World leaders came together in Abu Dhabi on Tuesday to pledge billions of dollars for a final push to wipe polio from the face of the Earth.
Sheikh Mohamed bin Zayed, Crown Prince of Abu Dhabi and Deputy Supreme Commander of the UAE Armed Forces, was joined by Bill Gates, the Microsoft billionaire and philanthropist, to renew the fight against preventable diseases that afflict some of the world’s poorest people, under the Global Eradication Initiative.
In total, $2.6 billion (Dh9.5bn) was pledged by governments and charitable organisations to finally stamp out polio. Afghanistan and Pakistan are the two remaining countries with the virus in circulation.
At the Reaching the Last Mile Forum at Louvre Abu Dhabi, there were also a series of separate commitments aimed at combating neglected tropical diseases including river blindness, guinea worm and trachoma.
They affect about 1.6 billion people, mainly in poverty-hit communities.
“A new era in global health” had begun, Mr Gates said, with many diseases “now in retreat”.
But despite progress in wiping out polio, with the second of three strains declared eradicated this year, he said work must go on to achieve the final milestone.
Mr Gates said the infrastructure put in place for the polio campaign would then be used to stamp out other diseases, helping the world’s children for decades to come.
“Any number other than zero is a problem,” he said. “Polio can spread very quickly. So as long as there’s any polio in the world, we need to keep vaccinating all children in the world.
“If we stopped all the eradication efforts, polio could have a resurgence, going back to hundreds of thousands of cases.”
About 18 million people who would have been paralysed by polio escaped because of vaccination efforts so far, Mr Gates said.
“They don’t know who they are, but in fact their lives are far, far better because of the efforts we have made," he said.
“While these last steps are undoubtedly the toughest, I’m optimistic that we will eradicate polio.
"The renewed financial support today from donors, including the generous increase from Sheikh Mohamed, underscores the confidence the world continues to have.”
Mr Gates pledged an extra $1.08bn to the final drive to eradicate polio, through his charitable foundation.
Sheikh Mohamed pledged a further $160 million, with nations including Pakistan, the UK, Germany, United States and Norway also committing significant resources.
Charitable donors included Rotary International, which pledged $150m, and Michael Bloomberg, the US politician and businessman who pledged $50m through his philanthropic foundation.
Meanwhile, the UAE announced that the world’s first ever World Neglected Tropical Diseases Day will take place on January 30 next year, to galvanise global support and raise awareness of a cause that has been championed by the country for years.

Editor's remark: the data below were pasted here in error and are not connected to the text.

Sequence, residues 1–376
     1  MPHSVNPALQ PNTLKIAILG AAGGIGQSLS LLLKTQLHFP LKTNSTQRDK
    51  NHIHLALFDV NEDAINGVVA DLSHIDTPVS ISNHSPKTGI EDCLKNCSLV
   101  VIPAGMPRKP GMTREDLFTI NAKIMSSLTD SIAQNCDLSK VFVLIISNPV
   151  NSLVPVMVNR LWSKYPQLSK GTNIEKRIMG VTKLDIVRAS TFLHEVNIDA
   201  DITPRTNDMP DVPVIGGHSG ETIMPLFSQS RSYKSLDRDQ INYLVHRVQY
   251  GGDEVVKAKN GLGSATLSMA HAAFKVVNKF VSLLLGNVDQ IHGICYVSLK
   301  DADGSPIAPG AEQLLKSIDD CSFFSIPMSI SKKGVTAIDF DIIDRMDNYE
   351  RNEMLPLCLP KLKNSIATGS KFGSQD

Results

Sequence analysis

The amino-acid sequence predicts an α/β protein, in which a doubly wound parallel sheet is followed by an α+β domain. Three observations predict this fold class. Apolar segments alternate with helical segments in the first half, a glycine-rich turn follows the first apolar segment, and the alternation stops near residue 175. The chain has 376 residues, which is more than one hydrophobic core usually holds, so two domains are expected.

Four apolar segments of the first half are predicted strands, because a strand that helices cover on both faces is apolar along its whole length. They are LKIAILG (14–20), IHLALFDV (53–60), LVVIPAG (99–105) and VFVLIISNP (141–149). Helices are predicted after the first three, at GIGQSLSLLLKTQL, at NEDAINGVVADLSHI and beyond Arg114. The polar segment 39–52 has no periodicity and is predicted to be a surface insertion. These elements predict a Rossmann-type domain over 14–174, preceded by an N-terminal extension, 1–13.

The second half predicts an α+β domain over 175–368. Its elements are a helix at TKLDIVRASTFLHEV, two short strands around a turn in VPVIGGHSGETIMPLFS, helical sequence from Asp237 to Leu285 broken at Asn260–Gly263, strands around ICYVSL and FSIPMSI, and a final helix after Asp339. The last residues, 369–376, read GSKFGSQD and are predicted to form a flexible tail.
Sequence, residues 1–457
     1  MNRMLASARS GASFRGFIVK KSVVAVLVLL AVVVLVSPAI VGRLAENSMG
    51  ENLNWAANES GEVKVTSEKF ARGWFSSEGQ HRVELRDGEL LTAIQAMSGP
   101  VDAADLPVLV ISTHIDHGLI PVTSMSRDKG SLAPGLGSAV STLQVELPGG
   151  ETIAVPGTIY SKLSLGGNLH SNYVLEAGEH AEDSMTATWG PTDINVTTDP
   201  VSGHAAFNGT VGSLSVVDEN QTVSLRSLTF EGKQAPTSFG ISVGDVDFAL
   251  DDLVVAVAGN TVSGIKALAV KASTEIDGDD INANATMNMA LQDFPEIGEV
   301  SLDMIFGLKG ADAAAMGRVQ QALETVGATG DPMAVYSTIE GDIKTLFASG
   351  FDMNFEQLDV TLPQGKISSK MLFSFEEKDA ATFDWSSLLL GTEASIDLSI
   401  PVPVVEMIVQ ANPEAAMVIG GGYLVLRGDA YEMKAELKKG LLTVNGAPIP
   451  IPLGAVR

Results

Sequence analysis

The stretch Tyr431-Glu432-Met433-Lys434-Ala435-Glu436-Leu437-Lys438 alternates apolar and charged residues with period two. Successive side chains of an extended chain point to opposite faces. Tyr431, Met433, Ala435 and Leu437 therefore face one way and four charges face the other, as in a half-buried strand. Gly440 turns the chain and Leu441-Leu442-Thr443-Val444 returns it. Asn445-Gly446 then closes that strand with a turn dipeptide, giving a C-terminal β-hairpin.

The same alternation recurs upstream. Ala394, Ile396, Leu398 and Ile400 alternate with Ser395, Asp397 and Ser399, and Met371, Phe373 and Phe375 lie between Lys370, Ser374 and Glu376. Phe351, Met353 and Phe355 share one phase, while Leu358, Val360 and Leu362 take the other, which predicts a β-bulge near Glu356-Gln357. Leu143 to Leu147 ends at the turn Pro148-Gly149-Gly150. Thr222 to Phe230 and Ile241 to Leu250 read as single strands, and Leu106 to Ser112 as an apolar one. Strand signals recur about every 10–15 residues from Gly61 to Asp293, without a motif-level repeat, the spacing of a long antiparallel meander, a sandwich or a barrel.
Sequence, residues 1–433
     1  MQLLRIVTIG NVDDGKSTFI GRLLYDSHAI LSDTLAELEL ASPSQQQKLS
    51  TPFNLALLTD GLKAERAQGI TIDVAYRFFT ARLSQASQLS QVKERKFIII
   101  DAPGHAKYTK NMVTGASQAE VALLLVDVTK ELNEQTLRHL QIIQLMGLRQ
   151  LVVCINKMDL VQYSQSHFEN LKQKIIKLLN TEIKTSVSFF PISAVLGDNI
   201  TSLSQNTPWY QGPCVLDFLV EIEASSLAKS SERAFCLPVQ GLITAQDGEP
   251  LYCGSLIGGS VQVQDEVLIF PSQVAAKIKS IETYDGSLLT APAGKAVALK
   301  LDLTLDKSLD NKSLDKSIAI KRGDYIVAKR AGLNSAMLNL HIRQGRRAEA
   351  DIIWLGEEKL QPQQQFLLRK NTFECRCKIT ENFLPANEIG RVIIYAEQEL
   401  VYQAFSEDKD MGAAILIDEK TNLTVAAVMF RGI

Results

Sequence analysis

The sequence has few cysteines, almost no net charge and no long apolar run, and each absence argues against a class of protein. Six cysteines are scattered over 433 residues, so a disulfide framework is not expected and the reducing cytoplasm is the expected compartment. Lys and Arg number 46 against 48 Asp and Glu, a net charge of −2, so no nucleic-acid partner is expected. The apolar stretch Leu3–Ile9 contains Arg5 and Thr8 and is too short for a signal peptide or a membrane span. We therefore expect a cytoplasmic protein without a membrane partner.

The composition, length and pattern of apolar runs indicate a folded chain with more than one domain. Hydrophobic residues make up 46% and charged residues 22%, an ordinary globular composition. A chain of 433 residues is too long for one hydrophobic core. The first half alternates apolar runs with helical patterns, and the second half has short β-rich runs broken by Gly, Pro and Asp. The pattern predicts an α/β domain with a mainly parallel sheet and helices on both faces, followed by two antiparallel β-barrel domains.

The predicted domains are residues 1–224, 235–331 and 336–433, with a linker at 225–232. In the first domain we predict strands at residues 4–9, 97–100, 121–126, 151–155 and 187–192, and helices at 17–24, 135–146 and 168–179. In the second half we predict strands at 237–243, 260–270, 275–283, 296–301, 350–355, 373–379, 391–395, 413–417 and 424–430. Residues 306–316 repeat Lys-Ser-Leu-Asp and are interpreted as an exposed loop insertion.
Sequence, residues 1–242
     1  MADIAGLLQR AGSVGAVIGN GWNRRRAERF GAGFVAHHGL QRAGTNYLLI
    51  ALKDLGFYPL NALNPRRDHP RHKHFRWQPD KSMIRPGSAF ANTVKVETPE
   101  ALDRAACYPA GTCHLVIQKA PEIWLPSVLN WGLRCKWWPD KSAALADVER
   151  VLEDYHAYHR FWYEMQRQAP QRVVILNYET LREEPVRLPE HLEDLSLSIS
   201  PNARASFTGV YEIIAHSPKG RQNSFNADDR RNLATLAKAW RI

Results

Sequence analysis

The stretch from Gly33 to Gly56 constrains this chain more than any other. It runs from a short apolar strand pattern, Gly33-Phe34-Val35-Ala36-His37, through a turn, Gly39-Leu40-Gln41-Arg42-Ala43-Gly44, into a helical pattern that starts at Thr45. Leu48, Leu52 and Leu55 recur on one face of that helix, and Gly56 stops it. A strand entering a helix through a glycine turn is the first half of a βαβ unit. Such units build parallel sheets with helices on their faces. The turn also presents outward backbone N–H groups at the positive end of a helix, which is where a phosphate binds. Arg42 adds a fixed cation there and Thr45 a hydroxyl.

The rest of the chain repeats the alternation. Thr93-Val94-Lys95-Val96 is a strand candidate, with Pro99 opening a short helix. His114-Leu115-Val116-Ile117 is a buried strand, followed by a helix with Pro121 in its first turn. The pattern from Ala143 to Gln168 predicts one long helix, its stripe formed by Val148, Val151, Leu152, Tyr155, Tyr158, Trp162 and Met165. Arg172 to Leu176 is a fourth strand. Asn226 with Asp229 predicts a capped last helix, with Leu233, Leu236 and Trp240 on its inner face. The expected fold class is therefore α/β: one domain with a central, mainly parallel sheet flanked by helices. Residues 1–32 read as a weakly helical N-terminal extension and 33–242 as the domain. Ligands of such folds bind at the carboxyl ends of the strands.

Three new partners were announced for the Reaching the Last Mile Fund, which was set up by Sheikh Mohamed and is supported by Mr Gates, to end river blindness and lymphatic filariasis.
In 2018, the initiative delivered more than 13.5 million treatments for the two diseases, and trained 76,000 healthcare workers.
The event also honoured frontline health workers who deliver vaccinations and treat patients with conditions such as Ebola.
They included Rahane Lawal, a mother of ten who saw her father-in-law shot dead and was kidnapped by bandits as a result of her work promoting vaccination in Nigeria.
A lifetime achievement award was given to William Foege, 83, a US physician who is credited with creating the plan that led to the elimination of smallpox.
Accepting the award through a video message, Mr Foege said those battling preventable diseases, including health workers and government leaders, were “rewriting history before it happens”.
One day, he said, they would be held in the same esteem as influential Renaissance and Enlightenment era figures such as Voltaire and Jean-Jacques Rousseau.
Progress was also hailed by Tedros Ghebreyesus, director general of the World Health Organisation, who said in his address that he looked forward to the day polio joined smallpox in being completely eradicated.
But Mr Ghebreyesus warned against complacency, and said many diseases afflicting poor people were a symptom of the deeper problem of inequality.
“We can and will make polio history,” he said. “One day, children will not need to be vaccinated against polio.
"But we know that even when polio is eradicated, even when guinea worm is eradicated, even when malaria is eradicated, children will continue to suffer from other threats.
“Guinea worm and malaria are symptoms of a deeper sickness, which is why, ultimately, our fight is not against a single disease.
"Our fight is against inequality. Our fight is against a world in which people get sick and die simply because they are poor, or female, or a refugee.
“Our fight is for a fundamental human right, a right to health for everyone, everywhere.”